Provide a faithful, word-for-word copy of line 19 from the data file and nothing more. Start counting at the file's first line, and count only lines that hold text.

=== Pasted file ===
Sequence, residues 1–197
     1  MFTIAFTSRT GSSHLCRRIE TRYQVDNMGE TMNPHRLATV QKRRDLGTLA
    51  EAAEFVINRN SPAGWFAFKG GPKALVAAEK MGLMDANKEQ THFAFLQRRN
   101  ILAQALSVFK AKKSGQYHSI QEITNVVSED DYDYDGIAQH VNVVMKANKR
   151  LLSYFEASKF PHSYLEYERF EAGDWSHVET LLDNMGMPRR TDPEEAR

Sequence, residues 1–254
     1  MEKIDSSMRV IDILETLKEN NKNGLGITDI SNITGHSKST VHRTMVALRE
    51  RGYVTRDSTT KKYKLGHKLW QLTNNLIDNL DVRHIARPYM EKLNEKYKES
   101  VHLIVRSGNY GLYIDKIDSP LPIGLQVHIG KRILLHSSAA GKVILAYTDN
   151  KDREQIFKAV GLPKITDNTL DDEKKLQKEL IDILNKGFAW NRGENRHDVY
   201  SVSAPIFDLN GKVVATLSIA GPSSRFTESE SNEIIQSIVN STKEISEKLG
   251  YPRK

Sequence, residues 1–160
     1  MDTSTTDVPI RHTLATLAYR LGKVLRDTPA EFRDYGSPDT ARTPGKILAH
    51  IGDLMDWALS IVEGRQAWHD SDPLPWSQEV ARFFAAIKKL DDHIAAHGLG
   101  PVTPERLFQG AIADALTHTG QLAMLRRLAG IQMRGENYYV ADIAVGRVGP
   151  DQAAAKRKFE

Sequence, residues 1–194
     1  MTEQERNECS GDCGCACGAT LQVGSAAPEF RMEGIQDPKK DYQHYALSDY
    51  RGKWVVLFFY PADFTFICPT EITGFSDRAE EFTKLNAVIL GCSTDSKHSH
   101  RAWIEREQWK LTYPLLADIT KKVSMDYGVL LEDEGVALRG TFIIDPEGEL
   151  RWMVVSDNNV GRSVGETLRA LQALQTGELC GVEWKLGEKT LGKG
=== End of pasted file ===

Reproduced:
     1  MTEQERNECS GDCGCACGAT LQVGSAAPEF RMEGIQDPKK DYQHYALSDY